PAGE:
Corynespora cassiicola in soybean seeds – incidence and transmission
Keywords:Seed pathology, Target spot.
The fungus Corynespora cassiicola, causal agent of target spot in soybeans, has been considered, from the seed pathology point of view, a seed-borne pathogen of limited importance. Therefore, little importance has been given to the role of the seeds in the transmission of this pathogen. The objectives of this study were to determine the incidence of C. cassiicola in soybean seeds and evaluate the effects of this seed-borne pathogen, inoculated in the seeds, in relation to physiological and epidemiological parameters. The experiments were carried out at TAGRO and Embrapa Western Agriculture under lab (blotter test and seed germination test) and greenhouse conditions (growing on test). The fungus C. cassiicola was detected in 11.3% of the 639 seed samples analyzed, with an average incidence of 0.91% and maximum of 8.5%. The transmission of C. cassiicola from the seeds to above-ground parts of soybean seedlings was demonstrated, by pathogen establishment on the cotyledon, showing circular lesions with concentric rings, reddish-brown in the center and surrounded by a yellowish green halo, as a typical symptoms of target spot. Reddish-brown lesions on the roots and stem of the seedlings were also observed. Considering a sample seed with 66.0% of C. cassiicola incidence, the symptomatic transmission based on cotyledon symptoms was 42.2%, corresponding to a transmission rate of 2.4:1. This is the first report, in a quantified way, about the transmission of C. cassiicola from the seeds to above-ground parts of soybean seedlings. When compared to non-inoculated seeds, seed germination, seedling emergence and seedling initial development were influenced by the presence of the pathogen in the seeds, with the lowest values being observed when the seeds were inoculated.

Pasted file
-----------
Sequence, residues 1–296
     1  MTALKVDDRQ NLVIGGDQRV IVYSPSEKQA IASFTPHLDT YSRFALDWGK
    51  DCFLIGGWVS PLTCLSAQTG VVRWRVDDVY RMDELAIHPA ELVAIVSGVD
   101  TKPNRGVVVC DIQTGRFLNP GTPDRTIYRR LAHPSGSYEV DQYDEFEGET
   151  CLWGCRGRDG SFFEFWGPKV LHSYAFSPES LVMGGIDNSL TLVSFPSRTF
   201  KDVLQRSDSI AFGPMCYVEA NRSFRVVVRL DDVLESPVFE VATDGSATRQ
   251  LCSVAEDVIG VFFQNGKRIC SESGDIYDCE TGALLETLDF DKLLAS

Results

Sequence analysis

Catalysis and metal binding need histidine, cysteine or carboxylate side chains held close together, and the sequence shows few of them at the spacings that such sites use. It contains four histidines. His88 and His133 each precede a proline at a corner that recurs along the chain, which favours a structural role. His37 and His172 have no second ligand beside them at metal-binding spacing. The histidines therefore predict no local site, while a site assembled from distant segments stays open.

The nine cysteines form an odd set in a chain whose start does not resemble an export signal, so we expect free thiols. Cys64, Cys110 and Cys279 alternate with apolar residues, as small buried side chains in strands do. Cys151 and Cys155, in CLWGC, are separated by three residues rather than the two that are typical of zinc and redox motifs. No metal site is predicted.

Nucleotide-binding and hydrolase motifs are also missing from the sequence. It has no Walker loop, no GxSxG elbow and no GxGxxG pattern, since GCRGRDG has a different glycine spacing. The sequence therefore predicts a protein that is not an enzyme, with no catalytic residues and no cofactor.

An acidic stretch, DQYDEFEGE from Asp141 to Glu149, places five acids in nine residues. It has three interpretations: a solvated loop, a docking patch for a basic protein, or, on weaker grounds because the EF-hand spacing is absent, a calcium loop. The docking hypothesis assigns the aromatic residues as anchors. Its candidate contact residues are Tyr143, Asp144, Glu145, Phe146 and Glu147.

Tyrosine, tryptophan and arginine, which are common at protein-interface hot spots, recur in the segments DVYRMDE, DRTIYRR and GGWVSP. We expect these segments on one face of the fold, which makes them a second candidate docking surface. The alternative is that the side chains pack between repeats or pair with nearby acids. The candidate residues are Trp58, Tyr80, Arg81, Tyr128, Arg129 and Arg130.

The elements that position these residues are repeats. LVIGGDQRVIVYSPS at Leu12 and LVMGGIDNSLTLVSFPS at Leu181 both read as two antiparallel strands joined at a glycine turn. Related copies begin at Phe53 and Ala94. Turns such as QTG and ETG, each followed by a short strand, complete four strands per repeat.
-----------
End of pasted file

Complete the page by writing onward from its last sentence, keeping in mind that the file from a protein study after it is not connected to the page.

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Copyright (c) 2020 Augusto César Pereira Goulart, Carlos Mitinori Utiamada
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